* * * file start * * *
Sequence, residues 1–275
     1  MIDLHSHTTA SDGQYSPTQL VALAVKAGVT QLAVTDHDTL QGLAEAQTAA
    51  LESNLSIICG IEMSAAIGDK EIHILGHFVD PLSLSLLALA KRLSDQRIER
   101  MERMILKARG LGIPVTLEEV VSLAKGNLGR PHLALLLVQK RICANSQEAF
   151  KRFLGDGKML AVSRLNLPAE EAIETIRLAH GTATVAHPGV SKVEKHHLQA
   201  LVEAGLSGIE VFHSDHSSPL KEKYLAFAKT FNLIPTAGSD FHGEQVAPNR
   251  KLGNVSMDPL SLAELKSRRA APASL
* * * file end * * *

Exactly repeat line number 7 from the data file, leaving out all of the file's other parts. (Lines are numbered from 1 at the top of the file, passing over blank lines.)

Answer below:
   251  KLGNVSMDPL SLAELKSRRA APASL